Skip to main content

Become a Better Investor In 2017


If you are like me, you probably worry a lot about being caught in an investing trap. I am a recent player in the investment industry, with my only accomplishment being able to max out my IRA each year. I do not have a Plan B for my investing strategy; so I have tried to educate myself about other ways of investing in order to invest more actively or, at least, fortify my ongoing investments this year.

Many young professionals do not know for sure how to invest their money, except for their 401(k). If you are one of those clueless individuals, check out these novice tips to help you achieve your resolution to become a better investor this year. Investment expert Hans Scheil, the president of North Carolina-based Cardinal Retirement Planning, Inc. and author of The Complete Cardinal Guide to Planning for and Living in Retirement will help us understand these principles. By the way, he is a 40-year veteran in the financial services area, helping investors build a diversified and sound investment portfolio.

1. Invest only beyond your 401(k) and IRA if you have reached your limit in your contributions.

Scheil emphasizes that deciding to invest beyond a 401(k) or IRA should only be considered when you have reasonably maxed out your retirement accounts. He says, "This is because of income taxes. You cannot pass up deferred tax or even free tax benefits. Firstly, plan and decide how much you need to invest, where the [extra money] is coming from (a bonus, regular income, asset sale, inheritance, gift, savings account money, etc.), when you may have to use it or when you want the money, and how much risk you can withstand.”

2. Avoid focusing on daily market fluctuations.

“New investors often focus on daily market cycles and timing the investing process. You will never enter at exactly the right time or exit at exactly the right time. Averaging dollar cost or investing at regular periods will tend to balance out the highs and lows,” says Scheil. The guiding principle is that if you are between 25 and 35, the market movements on any particular day will not overly affect the retirement money you expect to get 30 years after.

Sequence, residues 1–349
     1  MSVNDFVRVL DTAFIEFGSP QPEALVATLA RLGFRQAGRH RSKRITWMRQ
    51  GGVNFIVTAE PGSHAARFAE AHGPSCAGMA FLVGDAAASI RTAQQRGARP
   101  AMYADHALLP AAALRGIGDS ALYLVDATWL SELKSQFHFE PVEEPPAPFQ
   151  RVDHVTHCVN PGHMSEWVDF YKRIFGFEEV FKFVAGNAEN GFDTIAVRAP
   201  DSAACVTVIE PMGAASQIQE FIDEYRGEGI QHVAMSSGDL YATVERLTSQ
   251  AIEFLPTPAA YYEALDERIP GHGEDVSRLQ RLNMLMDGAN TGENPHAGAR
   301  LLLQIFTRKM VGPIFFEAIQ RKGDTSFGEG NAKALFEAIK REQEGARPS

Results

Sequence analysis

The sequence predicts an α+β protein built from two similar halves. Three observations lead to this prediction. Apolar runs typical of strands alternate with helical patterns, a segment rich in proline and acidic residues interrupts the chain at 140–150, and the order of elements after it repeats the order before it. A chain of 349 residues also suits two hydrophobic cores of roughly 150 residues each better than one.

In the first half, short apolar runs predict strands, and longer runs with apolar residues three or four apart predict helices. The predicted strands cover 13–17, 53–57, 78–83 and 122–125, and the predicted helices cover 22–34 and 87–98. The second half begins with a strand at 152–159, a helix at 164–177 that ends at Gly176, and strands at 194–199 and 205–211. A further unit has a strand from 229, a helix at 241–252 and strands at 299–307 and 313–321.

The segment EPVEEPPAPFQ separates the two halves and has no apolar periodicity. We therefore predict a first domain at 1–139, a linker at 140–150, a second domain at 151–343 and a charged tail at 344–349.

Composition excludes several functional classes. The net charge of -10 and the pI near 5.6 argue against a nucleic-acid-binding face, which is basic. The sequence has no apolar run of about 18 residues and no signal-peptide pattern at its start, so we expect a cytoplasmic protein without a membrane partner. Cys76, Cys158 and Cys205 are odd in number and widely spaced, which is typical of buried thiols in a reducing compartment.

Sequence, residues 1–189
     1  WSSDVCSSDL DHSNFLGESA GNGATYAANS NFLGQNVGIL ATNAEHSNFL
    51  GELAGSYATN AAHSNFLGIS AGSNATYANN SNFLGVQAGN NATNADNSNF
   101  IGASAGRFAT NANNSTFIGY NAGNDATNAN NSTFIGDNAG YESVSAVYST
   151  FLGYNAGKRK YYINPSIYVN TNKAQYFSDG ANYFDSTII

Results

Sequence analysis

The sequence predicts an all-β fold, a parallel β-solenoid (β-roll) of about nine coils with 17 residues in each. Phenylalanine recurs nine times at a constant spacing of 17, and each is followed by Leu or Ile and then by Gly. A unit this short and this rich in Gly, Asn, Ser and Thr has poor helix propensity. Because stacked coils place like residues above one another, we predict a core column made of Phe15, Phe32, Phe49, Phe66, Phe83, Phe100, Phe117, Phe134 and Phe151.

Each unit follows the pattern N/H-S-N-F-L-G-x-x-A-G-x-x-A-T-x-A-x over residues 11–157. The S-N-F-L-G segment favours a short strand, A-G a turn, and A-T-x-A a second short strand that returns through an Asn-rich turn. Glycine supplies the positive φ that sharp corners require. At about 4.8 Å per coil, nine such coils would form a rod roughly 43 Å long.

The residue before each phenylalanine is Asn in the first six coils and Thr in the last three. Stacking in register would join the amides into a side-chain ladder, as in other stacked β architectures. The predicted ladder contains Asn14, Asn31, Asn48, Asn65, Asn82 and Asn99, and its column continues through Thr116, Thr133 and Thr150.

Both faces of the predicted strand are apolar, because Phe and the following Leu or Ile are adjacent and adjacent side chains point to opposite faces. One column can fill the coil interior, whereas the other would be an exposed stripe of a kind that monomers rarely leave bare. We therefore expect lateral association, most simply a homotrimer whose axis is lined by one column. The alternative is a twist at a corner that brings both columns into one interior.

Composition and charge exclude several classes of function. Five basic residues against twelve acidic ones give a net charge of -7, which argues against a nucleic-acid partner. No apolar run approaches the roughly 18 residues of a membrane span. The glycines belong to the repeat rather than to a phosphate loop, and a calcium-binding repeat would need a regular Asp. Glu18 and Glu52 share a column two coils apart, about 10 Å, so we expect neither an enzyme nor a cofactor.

3. Before considering other investments, first understand completely your present portfolio.

Scheil offers a diagnostic list of questions to assess your situation: “When you have extra money to invest, I recommend a quick evaluation of your current portfolio. Do you have a balanced diversification? Does your investment standing address your set goals? Do your investments perform reasonably against actual risks and the market conditions? Knowing the exact answers to these questions will help you decide if you should use your extra money into your existing investments.”

4. What you might actually need is not opening another account. 

Regarding three various kinds of investments, Scheil gave these comments (These are his personal views; other experts may have other opinions, obviously.):

To open or not to open another account - “You need a new investment account only if it is has a different name on the account or has a different tax status.”

To invest or not to invest in a particular business - “I recommend diversification only if you personally own and manage the specific business you invest in.”

To invest in real estate or not - “Investing in real estate is advantageous in a portfolio to serve as an optional investment with a stocks portfolio, up to a certain proper amount. Owning real estate yourself is great as well; however, it might end up difficult to sell and burdensome to handle.”

5. If you are considering new investments, determine what will succeed in 2040-2050.